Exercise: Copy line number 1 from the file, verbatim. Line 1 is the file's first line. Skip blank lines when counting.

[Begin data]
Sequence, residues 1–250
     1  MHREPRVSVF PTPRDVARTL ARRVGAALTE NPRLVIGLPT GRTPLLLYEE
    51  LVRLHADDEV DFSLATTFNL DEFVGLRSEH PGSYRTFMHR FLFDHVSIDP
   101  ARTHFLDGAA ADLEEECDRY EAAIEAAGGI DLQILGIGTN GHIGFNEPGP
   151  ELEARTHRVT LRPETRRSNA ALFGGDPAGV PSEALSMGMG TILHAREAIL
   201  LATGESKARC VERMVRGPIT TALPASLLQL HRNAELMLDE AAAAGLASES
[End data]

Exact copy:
Sequence, residues 1–250